Cornell University Press
The key to the impact of international election support is credibility; credible elections are less likely to turn violent. So argues Inken von Borzyskowski in The Credibility Challenge, in which she provides an explanation of why and when election support can increase or reduce violence.
Von Borzyskowski answers four major questions: Under what circumstances can election support influence election violence? How can election support shape the incentives of domestic actors to engage in or abstain from violence? Does support help reduce violence or increase it? And, which type of support—observation or technical assistance—is better in each instance? The Credibility Challenge pulls broad quantitative evidence and qualitative observations from Guyana, Liberia, Kenya, Sierra Leone, and Bangladesh to respond to these questions.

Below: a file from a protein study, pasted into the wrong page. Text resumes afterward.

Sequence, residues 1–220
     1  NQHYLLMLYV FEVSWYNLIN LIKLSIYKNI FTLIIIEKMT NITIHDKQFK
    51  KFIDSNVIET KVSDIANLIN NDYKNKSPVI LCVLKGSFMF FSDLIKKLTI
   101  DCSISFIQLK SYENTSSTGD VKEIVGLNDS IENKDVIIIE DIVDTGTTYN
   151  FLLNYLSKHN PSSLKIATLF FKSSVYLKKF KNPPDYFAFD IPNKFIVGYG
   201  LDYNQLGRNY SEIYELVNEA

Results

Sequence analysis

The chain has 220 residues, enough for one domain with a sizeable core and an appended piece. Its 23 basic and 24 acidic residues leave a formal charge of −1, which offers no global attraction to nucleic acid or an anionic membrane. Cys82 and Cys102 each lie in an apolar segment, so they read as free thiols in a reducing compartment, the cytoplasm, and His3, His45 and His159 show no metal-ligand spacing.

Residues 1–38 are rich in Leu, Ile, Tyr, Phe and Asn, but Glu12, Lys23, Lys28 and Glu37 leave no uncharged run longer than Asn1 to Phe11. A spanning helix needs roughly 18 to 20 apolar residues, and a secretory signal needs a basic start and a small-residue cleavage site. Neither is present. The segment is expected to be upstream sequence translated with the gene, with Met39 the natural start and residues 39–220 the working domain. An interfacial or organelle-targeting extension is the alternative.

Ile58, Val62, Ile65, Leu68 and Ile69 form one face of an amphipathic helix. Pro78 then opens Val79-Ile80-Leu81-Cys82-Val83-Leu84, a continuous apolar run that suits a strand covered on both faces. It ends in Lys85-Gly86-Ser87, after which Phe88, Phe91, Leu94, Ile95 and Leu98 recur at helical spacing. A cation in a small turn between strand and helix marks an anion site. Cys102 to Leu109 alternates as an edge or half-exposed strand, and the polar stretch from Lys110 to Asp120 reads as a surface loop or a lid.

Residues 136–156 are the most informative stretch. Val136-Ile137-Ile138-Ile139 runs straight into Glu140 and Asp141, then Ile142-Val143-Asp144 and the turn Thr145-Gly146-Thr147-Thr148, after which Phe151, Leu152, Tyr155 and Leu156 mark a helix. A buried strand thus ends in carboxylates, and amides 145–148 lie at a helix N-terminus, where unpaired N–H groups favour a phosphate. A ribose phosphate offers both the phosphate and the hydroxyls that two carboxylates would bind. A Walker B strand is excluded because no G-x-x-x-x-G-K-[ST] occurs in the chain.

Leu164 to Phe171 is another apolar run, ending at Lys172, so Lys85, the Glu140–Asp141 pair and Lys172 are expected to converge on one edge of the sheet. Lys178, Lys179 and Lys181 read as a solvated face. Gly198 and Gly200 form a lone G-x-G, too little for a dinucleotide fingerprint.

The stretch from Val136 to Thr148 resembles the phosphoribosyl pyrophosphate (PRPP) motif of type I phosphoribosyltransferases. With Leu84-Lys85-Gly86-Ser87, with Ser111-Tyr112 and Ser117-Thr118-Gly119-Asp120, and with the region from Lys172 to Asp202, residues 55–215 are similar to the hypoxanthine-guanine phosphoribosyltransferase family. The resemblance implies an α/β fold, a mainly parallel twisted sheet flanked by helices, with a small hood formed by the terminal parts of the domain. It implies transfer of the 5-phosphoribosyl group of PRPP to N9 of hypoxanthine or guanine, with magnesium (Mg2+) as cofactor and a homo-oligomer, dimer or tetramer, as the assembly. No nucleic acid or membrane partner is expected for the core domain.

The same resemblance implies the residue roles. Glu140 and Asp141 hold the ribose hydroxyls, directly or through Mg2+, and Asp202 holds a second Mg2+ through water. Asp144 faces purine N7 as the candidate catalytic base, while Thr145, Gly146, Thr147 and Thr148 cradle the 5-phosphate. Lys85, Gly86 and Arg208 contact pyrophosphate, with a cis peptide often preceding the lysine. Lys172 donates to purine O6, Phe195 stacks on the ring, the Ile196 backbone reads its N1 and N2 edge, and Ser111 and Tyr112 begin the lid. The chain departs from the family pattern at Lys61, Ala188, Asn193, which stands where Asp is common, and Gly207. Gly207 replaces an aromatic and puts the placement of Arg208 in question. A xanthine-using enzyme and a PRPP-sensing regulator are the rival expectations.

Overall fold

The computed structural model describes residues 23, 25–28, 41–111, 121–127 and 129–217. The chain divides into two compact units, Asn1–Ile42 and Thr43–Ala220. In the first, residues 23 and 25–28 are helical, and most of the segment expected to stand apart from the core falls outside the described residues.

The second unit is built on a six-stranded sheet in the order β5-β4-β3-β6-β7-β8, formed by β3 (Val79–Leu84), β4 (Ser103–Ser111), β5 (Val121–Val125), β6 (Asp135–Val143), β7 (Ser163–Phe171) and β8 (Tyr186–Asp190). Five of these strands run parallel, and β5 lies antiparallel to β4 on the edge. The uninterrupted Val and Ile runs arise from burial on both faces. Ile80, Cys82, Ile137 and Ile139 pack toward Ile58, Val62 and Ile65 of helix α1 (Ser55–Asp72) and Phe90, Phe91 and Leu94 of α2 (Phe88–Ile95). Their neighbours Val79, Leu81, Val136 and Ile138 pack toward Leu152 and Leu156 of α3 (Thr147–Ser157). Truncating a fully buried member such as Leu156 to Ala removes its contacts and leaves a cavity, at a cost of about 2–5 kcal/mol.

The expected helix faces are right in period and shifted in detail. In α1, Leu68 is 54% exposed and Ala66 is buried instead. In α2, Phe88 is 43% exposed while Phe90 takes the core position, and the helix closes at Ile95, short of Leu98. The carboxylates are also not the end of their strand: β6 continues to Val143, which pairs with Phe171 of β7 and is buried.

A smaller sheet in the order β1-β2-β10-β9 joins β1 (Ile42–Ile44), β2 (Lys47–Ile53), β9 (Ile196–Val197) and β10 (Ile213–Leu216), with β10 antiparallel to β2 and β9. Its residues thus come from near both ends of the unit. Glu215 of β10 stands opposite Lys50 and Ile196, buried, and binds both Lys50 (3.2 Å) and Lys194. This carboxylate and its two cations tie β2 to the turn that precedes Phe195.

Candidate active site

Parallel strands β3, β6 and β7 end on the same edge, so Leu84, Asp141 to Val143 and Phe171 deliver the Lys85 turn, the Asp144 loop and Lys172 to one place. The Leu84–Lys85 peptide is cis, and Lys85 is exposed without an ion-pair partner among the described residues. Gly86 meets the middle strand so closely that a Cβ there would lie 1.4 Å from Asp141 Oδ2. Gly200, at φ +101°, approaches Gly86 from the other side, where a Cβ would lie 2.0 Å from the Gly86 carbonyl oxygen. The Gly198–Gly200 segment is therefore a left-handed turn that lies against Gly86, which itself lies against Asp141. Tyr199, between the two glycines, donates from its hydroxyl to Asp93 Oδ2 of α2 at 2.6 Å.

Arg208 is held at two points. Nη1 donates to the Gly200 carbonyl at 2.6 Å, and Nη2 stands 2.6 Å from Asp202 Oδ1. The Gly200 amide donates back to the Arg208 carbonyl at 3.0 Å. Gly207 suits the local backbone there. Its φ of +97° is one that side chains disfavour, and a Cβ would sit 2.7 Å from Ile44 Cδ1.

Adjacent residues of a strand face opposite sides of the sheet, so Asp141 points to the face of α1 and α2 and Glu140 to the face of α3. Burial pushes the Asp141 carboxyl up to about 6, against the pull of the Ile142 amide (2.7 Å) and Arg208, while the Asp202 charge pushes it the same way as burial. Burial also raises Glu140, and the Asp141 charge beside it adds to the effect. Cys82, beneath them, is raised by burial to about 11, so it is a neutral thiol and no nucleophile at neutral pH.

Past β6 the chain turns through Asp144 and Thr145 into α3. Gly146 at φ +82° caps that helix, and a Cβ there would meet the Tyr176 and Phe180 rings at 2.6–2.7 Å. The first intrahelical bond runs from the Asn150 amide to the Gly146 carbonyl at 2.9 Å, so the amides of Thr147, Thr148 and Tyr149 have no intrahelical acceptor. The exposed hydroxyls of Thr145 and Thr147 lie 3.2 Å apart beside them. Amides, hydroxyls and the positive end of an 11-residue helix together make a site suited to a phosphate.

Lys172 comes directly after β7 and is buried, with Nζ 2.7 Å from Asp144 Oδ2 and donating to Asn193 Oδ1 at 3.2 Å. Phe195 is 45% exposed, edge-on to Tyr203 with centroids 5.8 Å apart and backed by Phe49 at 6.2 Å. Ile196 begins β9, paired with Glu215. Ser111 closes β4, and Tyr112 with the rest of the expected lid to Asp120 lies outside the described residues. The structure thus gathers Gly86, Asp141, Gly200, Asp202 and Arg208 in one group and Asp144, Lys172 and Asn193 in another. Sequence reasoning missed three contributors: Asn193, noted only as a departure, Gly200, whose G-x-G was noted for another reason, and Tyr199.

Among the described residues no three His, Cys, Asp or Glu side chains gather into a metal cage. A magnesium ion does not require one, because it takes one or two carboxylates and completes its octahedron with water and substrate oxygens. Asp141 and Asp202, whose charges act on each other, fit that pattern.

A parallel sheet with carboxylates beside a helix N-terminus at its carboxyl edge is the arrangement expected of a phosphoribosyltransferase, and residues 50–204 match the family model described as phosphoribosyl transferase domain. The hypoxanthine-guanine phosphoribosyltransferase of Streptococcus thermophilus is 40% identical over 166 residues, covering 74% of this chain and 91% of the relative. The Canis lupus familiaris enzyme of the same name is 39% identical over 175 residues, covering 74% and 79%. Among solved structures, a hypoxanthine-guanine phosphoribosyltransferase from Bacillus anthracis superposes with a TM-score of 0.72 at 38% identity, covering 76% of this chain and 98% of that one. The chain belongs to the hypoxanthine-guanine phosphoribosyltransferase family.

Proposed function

Von Borzyskowski finds that international democracy aid matters for election credibility and violence; outside observers can exacerbate postelection violence if they cast doubt on election credibility; and technical assistance helps build electoral institutions, improves election credibility, and reduces violence. Her results advance research and policy on peacebuilding and democracy promotion in new and surprising ways.